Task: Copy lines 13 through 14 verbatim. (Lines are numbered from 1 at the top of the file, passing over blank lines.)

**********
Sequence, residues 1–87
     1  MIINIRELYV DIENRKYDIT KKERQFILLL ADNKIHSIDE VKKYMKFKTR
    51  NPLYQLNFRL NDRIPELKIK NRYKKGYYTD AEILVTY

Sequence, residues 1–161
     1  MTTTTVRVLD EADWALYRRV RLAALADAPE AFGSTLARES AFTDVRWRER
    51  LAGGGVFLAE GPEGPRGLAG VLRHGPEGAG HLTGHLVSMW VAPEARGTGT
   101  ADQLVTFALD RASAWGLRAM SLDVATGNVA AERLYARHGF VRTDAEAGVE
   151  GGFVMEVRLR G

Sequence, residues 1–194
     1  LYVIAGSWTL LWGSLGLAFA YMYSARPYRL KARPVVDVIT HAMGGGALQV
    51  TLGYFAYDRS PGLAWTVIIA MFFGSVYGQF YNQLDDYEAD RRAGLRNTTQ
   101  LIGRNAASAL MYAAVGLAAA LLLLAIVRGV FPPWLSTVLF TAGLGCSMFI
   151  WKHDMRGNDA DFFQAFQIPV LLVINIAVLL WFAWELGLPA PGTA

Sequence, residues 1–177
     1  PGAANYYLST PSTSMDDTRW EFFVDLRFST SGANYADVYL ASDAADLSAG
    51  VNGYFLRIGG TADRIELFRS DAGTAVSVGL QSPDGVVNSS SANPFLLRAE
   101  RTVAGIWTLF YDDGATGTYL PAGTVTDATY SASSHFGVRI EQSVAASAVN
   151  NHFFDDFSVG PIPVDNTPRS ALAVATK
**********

   151  WKHDMRGNDA DFFQAFQIPV LLVINIAVLL WFAWELGLPA PGTA

Sequence, residues 1–177